Another notable example of multiband array is presented in [65]. As the S-band elements, dipoles are used while square patches are used as the X-band element (see Figure 28). The dual frequency ratio is here 1 : 3. The measured bandwidth of VSWR < 2 are 8.9% for S band and 17% for X band. The disadvantage of this approach is the complex fabrication process due to the five substrate layers. Furthermore, every dual-polarized antenna element of both bands has two coaxial connectors beneath the substrates of the antenna. Therefore, a large number of connectors is required for the array structure. As stated in [65], a dual-polarized 2 × 1 S-band or 7 × 4 X-band array will need 60 coaxial connectors.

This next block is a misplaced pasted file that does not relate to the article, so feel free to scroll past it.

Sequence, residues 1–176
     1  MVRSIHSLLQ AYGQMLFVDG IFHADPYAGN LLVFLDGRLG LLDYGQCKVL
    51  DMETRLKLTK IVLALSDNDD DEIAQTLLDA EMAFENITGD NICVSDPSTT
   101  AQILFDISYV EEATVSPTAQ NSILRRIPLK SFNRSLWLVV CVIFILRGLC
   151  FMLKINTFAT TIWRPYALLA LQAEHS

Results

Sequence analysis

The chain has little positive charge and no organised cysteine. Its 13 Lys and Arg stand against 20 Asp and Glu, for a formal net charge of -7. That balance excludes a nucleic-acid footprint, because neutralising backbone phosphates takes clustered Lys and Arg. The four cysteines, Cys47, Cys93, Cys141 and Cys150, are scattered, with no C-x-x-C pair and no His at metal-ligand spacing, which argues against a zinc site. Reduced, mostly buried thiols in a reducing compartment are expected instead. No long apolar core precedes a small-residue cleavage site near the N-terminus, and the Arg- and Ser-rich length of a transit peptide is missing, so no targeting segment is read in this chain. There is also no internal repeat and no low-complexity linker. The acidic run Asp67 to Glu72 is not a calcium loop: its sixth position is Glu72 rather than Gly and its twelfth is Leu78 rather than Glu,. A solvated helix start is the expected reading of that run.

fig28
Figure 28: Dual-band dual-polarized antenna array: (a) side view and (b) top view [65].

6. Conclusions